But there's no evidence the death of Nabra Hassanen, 17, who was attacked early Sunday as she and a group of teenagers walked back to a mosque, was a hate crime, authorities in Fairfax County said. Police said they could file appropriate charges if they later find the crime was motivated by hate.
The Reston teenager's father said he believes Nabra was killed because she was wearing an abaya, a traditional black cloak.
Police say Darwin Martinez Torres, of Sterling saw the group walking and riding bicycles in the street and on the sidewalk. Torres became so enraged after arguing with one teen he drove up on a curb, police said. He later found the group in a nearby parking lot, chased them on foot with a baseball bat and allegedly beat Nabra.
Torres, 22, put the injured teen in his car, officials said. Her body was found Sunday evening in Loudoun County.
"There is nothing at this point to indicate that this tragic case was a hate crime," said Julie Parker, a spokeswoman for the Fairfax County Police Department.
Nabra died from blunt-force trauma to the head and neck, the Office of the Chief Medical Examiner of Northern Virginia said.
Less than two hours after the incident, Fairfax County police arrested Torres in a traffic stop after an officer noticed what he believed to be the car involved in the incident, police said.
Torres has been charged with murder. He is being held without bond. It wasn't immediately clear whether he had an attorney.
Authorities said they believe Torres acted alone.
Immigration officials have asked a Fairfax detention center to put a hold on Torres, a native of El Salvador. The hold, known as a detainer, is issued to keep suspected deportable immigrants for an additional 48 hours beyond what they could otherwise be released.
'Anger' allegedly led him to hit teenager
Police and Nabra's family said the group of friends had left the All Dulles Area Muslim Society (ADAMS) Center after midnight prayers, heading to a McDonald's before the next fast began. The mosque holds prayers throughout the night during the observance of Ramadan, said Tajul Islam, a receptionist at the ADAMS Center.
Police said there is no indication of any racial or ethnic slurs were exchanged between Torres and the group when they encountered each other.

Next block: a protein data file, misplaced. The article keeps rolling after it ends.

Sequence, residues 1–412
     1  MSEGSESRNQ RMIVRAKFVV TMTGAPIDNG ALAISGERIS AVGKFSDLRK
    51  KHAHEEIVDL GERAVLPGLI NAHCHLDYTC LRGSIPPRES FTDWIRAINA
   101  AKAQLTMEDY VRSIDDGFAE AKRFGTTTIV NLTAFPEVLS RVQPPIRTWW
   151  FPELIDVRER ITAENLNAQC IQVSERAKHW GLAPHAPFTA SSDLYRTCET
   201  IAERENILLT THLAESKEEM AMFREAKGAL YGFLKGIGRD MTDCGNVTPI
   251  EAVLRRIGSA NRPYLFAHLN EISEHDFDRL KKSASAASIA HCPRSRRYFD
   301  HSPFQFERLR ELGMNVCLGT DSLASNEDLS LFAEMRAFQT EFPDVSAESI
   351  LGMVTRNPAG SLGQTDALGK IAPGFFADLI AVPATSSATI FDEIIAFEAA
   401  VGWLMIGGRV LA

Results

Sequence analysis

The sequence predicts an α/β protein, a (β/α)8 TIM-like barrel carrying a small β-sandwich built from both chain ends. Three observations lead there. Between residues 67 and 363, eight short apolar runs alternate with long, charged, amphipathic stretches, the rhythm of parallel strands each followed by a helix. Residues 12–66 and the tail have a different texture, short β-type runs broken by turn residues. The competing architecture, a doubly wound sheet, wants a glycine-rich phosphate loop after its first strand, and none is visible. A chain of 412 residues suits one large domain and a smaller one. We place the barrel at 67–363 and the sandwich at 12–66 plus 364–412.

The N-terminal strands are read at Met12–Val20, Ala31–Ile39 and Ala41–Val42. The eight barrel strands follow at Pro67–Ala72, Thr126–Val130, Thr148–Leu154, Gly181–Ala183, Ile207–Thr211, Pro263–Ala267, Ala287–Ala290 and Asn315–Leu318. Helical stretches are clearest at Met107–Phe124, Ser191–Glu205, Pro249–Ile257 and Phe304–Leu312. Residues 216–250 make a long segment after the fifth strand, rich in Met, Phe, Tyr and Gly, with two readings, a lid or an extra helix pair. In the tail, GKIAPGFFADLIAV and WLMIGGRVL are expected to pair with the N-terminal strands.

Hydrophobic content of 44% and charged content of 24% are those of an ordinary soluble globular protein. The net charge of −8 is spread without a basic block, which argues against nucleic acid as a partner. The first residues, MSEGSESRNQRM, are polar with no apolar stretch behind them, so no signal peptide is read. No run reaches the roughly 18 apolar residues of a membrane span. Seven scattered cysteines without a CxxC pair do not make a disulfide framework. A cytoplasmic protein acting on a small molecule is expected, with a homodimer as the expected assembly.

Police did not reveal the details of the argument between the teen on the bicycle and Torres.
"His anger over that earlier encounter then led to violence when he hit Nabra with a baseball bat," Parker said of the beating.
Father: 'This is a hate crime'
Nabra's death has shaken the local Muslim community.
On Monday, her friends gathered outside her Reston apartment with flowers. In another apartment, her father, Mahmoud Hassanen, grieved with friends and neighbors while her mother mourned separately several doors away.
More than 40 Muslim families live together in the quiet Cedar Ridge apartment complex.
Mahmoud Hassanen told CNN he believes his daughter was targeted because of her religion.
"This is a hate crime," he said. "It's racism. Getting killed because she's Muslim."
He said his daughter "loved everybody. She liked to help other people."
Hassanen said he immigrated from Egypt in 1987 and that he is an American citizen.
Nabra, the oldest of four sisters, was born in Washington, D.C., her father said.
His first born was "a beautiful lady," who excelled in school, he said. "She liked music. She liked fashion."
He said Nabra fell down as her friends got away before the alleged beating.
"I feel sorry for the guy who take my daughter's life," Hassanen said. "Why? We have to help each other, Muslim, Christian, Jew."
Crying, wiping tears from his eyes, he said he taught his children "how to love other people."
"She's gone," he said. "She's not going to come back."
He said Nabra's 3-year-old sister asked for her on Monday morning. He didn't have an answer, he said.
Timing of attack raising concerns
Despite what law enforcement says, its timing coming amidst a recent spike in attacks on Muslims raised concerns in the Muslim community and prompted calls for increased security
Ibrahim Hooper, spokesperson for the Council on American Islamic Relations, told CNN that his organization will be calling for a thorough investigation of a possible biased motive.
"We'd like to hear from the witnesses to the initial attack as to whether they heard any biased statements," Hooper said. "Even if not, why is this individual targeting a group of people dressed in Muslim attire?
"Would they have been targeted if they hadn't been of a certain faith or ethnicity? These are the kinds of questions we ask," he said.
The attack happened hours before a man drove a van into a crowd
of worshipers at a mosque in London.
"We are devastated and heartbroken as our community undergoes and processes this traumatic event," said the ADAMS Center in a statement
. "It is a time for us to come together to pray and care for our youth."
A crowdfunding campaign
for the girl's family has already raised more than $220,000.